When the Cleveland Indians traded for Ubaldo Jimenez near the 2011 trading deadline, many Tribe fans were left feeling pessimistic (the common Cleveland fan’s go-to emotion, and rightfully so). After delivering a dominant performance during the 2010 season, Jimenez was having major issues on the mound during the early stages of the 2011 season, posting a 6-9 record with a 4.46 ERA prior to being traded. So, it seemed like a puzzling move for the Indians when they gave up two top-tier pitching prospects to acquire the struggling Jimenez. The two highly-touted prospects (Drew Pomeranz and Alex White) seemed to have similarly bright futures ahead of them, while Jimenez appeared to be a major question mark.
Post-trade struggles for Jimenez in 2011 only increased the fan skepticism of the club’s deadline deal. By the time Ubaldo’s miserable 2012 campaign came to an end (do I really need to provide the stats?), it appeared that his recession into national obscurity was nearly complete. Yet, due to the fact that the Indians exercised his contract option for the 2013 season, the city of Cleveland knew that Jimenez would continue to be an infamous topic of discussion around town for at least one more season.
Luckily for team president Mark Shapiro and GM Chris Antonetti, Pomeranz and White have only seen their stocks drop rapidly since the trade. Pomeranz struggled mightily in his first near-full season as a member of the Rockies starting rotation, and has since been optioned back to the minor leagues. After also performing poorly while serving a large portion of 2012 on the Rockies starting pitching staff, White was then traded to the Astros during the offseason and is currently on the 60-day disabled list.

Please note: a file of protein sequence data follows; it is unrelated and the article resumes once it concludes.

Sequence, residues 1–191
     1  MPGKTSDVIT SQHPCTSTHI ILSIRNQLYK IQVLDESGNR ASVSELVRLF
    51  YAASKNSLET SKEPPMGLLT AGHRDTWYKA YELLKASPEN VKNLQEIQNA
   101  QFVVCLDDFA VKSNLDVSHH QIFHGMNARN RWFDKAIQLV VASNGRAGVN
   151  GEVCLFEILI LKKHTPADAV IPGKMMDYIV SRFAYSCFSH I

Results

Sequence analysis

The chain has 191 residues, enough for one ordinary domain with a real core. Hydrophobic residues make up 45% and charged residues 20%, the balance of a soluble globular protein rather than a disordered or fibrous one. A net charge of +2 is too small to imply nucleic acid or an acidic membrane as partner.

As Jimenez’s velocity started to drop during the 2011 season, so did his productivity. No longer able to consistently overpower hitters with upper-90’s fastballs, Jimenez struggled mightily over the past few seasons with commanding his pitches. During spring training, reports came out of Indians camp that new pitching coach Mickey Callaway had slightly tweaked Jimenez’s jerky windup to develop more consistency in his ability to command the strike zone. Jimenez experienced a shaky start to the season, going 1-2 with a 7.13 ERA during the month of April. It seemed as if Tribe fans were going to suffer through yet another awful season of pitching performances from Ubaldo. Since then, however, the 29 year-old righty has gone 4-2 while lowering his ERA to a much more respectable (yet still pretty terrible) 4.66. Finally, he seems to be (gulp) turning the corner. The one area for concern that does still exist, though, is his high pitch counts. Jimenez has struggled at times this season with keeping his pitch count low enough to continue pitching deep into ball games. Regardless, Ubaldo’s improved consistency over the past two months has certainly been a pleasant surprise.
Now it’s time to take our seemingly semi-annual evaluation of the Ubaldo Jimenez trade. Although he has posted solid numbers in Triple-A ball so far this season, the jury is still out on whether Drew Pomeranz will ever be able to reach his full potential. As for Alex White, did you read the part about him joining the Astros? And Cleveland is finally starting to real in some productivity from the once-coveted enigma that is Ubaldo Jimenez. Edge: Tribe…for now.